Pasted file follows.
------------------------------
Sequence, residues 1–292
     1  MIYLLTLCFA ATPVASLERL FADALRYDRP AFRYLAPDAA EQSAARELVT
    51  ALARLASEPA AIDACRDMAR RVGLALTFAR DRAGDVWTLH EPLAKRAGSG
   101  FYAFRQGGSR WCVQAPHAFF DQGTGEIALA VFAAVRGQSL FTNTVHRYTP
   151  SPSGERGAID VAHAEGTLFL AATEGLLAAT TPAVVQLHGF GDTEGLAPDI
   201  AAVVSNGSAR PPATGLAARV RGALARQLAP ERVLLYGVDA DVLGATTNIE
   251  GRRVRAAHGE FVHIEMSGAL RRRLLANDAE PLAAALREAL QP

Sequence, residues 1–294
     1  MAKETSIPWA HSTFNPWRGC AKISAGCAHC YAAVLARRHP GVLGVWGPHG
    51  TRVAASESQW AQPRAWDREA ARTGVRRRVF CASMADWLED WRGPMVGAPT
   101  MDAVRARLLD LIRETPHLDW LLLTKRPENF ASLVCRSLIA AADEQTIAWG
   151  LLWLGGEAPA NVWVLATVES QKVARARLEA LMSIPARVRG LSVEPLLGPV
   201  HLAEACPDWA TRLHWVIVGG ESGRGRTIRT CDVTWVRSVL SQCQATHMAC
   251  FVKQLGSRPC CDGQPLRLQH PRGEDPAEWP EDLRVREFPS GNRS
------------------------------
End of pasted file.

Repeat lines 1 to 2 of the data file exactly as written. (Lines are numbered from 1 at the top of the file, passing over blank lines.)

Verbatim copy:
Sequence, residues 1–292
     1  MIYLLTLCFA ATPVASLERL FADALRYDRP AFRYLAPDAA EQSAARELVT